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Offshore companies privatize Russian foreign trade

November 25, 2013, 12:10 UTC+3 World Service) ¶ 25/11 Tass ¶ MOSCOW
In Cyprus alone, more than 170,000 Russian companies are registered
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MOSCOW, November 25. /ITAR-TASS/. The Moskovsky Komsomolets newspaper describes an alarming situation in the Russian economy. Last year, 42% of the country’s foreign trade turnover was registered through offshore companies, due to which the federal budget losses reached nearly 1 trillion rubles.

The Federation Council upper house of parliament held hearings on deoffshorisation of Russia’s economy. Auditor of the Russian Audit Chamber Sergei Shtorgin said that the majority of large and a considerable part of small Russian enterprises use offshore companies: “For example, in Cyprus alone more than 170,000 Russian companies are registered. A whole market for the sale of offshore companies has developed in Russia: the cost of the services ranges from $550 to $1,800.”

In general, the top five of offshore jurisdictions where Russian companies feel at ease, according to the Audit Chamber, is comprised of Switzerland, Hong Kong, Ireland, Cyprus and the British Virgin Islands.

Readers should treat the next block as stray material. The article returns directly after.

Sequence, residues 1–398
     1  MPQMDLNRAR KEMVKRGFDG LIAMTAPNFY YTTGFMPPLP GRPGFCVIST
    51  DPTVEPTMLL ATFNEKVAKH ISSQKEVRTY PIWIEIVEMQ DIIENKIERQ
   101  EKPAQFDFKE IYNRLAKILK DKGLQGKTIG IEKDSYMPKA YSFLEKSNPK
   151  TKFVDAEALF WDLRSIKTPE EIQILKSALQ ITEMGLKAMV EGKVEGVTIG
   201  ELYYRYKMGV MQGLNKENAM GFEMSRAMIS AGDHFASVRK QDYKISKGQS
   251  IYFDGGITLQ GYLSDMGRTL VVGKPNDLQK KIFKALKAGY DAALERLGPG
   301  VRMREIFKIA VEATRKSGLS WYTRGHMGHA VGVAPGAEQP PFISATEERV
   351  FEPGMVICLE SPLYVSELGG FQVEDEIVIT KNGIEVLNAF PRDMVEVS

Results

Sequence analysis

In the view of the auditor (his view is shared by almost all experts), Russian businesses are hiding in tax havens not only in an attempt to ease the fiscal pressure, but also because of fundamental reasons: the imperfect legislation and judicial system, insecure property rights (nobody is insured in Russia against successful hostile takeovers attempts), the “cold” investment climate and an underdeveloped stock market.

Nevertheless, the main purpose of the tax havens (which is an issue of concern of all the G20 countries) is tax evasion or at least the so-called “optimization” of the tax burden. One of the most widespread options is a drastic profit tax reduction by oil companies (including state-run).

The Moskovsky Komsomolets daily writes that “the defeat of offshore companies should not be expected any time soon. The Russian authorities obviously tend at present not to improve the investment climate and protect the property rights (which might undermine confidence in the offshore companies), but to take repressive, in essence, measures. A bill on returning to the Interior Ministry and the Investigative Committee the right to open tax evasion criminal cases based on the materials of their own inspections, and not those of the tax inspection authorities, as it had been established in 2011, has already been submitted to the State Duma lower house of parliament. If the bill is passed, a new wave of Russian companies’ fleeing to offshore zones can be expected, even if the number of offshore zones is considerably cut thanks to the G20 efforts.

Itar-Tass is not responsible for the material quoted in these press reviews.

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